Hart says that something else shifted following their mastectomy: they felt like people could no longer see them as a whole person — they only saw Hart’s illness. At one point in their healing process, Hart went topless in public, baring their double mastectomy scars to end “the lack of Black, brown, LGBTQIA+ representations and visibility in breast cancer awareness.” As important as this messaging was, Hart felt “de-sexualized” by some of the responses their display elicited. “People would see my topless pictures and respond: ‘Oh my God, you’re so inspiring,'” they say. “But if anybody with nipples went topless on the internet, that would not be the response.”

This is a commonly felt sentiment among breast cancer patients — they feel society begins to see them only as patients, rather than sexual beings. Hart points out that you rarely see sex scenes with cancer patients in the media. FWIW, the only one I could think of was in “Desperate Housewives,” which involved a somewhat superficial plot about Tom feeling uncomfortable having sex with Lynette when she wasn’t wearing her wig, and Lynette fearing it meant he was no longer attracted to her. (This is a real fear among patients, though Dr. Nagoski notes: “In a great relationship, we’re attracted to the human being we chose to be with, not to the body parts of that human. It’s normal to have feelings about changes to our bodies and our partners’ bodies, of course, but a strong relationship adapts to those changes with love and trust.”)

Meanwhile, Crollman, who was diagnosed with cancer at 27, adds that the mental barriers to sex after cancer were “the hardest part.” “The pain, of course, is physically uncomfortable, but even though my partner and I tried so hard to stay in open communication, the reality was, we went through a very, very dry spell,” she says. “I was feeling really lost, mentally. I went through a deep depression, and I was seeing a therapist to cope because I really didn’t feel comfortable in my body.” After having a double mastectomy, Crollman felt “vulnerable” being in front of someone else while she was still “struggling to come to terms with the body that I had.”

Plus, not being intimate for a period due to these understandable challenges led to “more physical triggers and trauma around that experience — around the fear of it, around the pain that was related to it because of the side effects,” Crollman remembers. “So it was kind of this multileveled, emotional, psychological challenge.”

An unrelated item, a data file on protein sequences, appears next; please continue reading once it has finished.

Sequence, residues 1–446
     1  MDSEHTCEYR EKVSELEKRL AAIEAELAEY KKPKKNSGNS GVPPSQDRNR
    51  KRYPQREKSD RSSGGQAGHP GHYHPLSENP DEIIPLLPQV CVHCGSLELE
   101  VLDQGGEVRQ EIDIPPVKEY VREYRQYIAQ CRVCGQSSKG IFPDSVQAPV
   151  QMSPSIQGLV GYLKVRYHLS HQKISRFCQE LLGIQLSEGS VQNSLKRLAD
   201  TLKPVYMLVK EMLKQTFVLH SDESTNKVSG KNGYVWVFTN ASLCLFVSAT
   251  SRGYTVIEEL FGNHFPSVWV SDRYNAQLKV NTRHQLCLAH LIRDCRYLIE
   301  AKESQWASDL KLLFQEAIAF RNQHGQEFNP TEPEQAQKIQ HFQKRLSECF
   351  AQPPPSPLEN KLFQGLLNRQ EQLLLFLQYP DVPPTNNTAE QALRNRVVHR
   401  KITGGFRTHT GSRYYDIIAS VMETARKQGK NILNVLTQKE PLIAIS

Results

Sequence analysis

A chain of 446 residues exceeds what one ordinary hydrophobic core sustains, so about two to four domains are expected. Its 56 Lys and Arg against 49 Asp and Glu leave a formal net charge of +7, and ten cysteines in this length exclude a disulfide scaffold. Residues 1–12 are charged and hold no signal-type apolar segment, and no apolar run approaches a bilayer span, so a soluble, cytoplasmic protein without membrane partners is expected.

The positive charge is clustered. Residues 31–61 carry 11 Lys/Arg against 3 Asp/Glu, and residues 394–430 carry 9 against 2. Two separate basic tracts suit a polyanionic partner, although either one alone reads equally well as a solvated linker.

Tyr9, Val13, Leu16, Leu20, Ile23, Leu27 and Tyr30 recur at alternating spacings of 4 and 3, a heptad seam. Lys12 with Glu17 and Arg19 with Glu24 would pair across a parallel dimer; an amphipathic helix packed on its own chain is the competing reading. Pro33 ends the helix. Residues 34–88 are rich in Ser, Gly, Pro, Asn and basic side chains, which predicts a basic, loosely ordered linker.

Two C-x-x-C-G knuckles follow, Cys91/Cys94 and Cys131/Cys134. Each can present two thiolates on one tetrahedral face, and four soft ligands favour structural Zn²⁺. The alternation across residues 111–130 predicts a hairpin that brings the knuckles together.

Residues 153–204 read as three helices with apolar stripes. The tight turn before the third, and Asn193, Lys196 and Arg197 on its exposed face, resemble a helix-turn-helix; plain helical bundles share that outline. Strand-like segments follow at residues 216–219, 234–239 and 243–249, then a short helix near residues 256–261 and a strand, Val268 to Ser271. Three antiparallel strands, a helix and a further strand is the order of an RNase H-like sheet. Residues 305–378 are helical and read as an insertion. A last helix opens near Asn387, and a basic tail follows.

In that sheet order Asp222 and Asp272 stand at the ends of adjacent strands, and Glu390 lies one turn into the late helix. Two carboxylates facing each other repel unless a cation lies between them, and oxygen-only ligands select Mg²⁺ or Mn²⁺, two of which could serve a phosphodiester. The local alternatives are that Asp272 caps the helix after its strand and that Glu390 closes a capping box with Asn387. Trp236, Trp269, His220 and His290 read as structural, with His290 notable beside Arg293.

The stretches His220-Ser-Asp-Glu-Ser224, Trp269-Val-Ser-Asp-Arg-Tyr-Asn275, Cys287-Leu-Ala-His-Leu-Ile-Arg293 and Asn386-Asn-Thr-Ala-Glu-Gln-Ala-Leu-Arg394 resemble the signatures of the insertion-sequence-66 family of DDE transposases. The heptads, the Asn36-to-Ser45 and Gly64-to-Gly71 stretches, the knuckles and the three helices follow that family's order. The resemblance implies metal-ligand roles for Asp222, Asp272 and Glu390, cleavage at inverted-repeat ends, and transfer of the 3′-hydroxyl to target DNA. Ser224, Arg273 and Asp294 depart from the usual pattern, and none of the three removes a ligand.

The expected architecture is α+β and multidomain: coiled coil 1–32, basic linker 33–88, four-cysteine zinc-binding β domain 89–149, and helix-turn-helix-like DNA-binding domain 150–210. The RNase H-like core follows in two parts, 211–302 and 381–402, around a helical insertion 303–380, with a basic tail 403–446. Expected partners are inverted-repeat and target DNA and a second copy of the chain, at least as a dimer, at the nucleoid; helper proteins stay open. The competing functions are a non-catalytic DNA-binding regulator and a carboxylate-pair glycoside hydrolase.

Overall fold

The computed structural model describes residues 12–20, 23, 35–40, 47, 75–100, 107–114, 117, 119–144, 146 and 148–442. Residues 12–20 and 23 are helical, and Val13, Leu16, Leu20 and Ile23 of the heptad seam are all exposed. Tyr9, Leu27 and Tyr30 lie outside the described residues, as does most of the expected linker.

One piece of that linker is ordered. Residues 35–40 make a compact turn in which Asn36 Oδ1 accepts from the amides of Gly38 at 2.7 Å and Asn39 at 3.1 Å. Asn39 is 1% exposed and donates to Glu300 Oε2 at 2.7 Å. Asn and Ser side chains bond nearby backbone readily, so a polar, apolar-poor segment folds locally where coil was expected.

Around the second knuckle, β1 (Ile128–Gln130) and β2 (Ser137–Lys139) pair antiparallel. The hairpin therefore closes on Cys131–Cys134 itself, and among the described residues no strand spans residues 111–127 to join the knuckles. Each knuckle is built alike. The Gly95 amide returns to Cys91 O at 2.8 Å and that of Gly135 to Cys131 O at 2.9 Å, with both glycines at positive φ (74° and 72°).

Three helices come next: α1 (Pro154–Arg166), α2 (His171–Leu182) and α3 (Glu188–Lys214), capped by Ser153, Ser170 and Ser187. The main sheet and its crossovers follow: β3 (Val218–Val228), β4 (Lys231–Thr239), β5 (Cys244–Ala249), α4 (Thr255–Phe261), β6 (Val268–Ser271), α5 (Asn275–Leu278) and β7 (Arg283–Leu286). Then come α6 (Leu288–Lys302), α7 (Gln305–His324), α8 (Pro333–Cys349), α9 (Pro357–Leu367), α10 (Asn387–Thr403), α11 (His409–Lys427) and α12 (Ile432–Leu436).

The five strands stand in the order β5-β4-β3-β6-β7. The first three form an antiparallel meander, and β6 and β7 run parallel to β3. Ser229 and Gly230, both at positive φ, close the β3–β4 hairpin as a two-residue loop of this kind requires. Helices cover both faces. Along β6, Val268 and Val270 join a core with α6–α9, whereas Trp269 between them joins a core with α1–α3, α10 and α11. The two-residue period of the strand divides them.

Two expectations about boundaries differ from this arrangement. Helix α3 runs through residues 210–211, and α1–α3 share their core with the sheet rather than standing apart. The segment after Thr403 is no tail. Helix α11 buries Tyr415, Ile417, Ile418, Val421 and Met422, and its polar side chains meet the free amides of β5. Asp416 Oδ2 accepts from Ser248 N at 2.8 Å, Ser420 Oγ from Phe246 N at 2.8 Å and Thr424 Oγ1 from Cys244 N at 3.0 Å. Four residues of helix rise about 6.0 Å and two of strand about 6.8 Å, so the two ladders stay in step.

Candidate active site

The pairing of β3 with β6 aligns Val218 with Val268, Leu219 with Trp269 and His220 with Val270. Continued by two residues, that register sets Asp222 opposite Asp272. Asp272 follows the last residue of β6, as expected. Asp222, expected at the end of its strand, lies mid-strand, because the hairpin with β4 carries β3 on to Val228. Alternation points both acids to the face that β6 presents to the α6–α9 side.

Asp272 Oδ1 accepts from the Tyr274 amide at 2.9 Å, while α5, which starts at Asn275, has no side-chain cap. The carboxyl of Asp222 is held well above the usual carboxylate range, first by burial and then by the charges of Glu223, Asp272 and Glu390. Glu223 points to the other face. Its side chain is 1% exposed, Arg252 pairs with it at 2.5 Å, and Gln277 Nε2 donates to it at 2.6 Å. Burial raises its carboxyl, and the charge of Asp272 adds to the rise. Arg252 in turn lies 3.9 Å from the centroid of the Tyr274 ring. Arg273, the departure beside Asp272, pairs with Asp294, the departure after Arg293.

Finding Pleasure Again Post-Diagnosis

The physical and emotional stressors surrounding sex are very real, but reframing can help cancer patients to work through them. “The stakes around treatment certainly may be high, but the stakes around sex are not” — or at least, they don’t have to be, Dr. Nagoski says.

Although our culture tells us we can somehow “fail” sexually, especially “if we don’t perform according to some external, bullshit standard, the reality is there is nothing to lose, there is no way to fail,” Dr. Nagoski says. “We only imagine we’re doing it ‘wrong’ when we compare our experiences to some bogus cultural script of what sex ‘should’ be like — a script that was always irrelevant to our lives, but after a cancer diagnosis is just an absurd, pointless, and even cruel standard against which to assess our sexual connections. There is nothing at stake with sex; you have nothing to lose, only pleasure and connection to gain.”

Pleasure can look different to different people, and sex is just one piece of it. In order to maximize satisfaction for all parties involved, Dr. Nagoski says you first need to get on the same page as your partner — and that means getting curious. “If your partner wants sex, ask each other these important questions: What is it that you want, when you want sex with each other? And what is it that you don’t want? When don’t you want sex with each other? And, perhaps most importantly, what kind of sex is worth having — as in, what makes sex worth not spending that time watching ‘Parks & Recreation’?”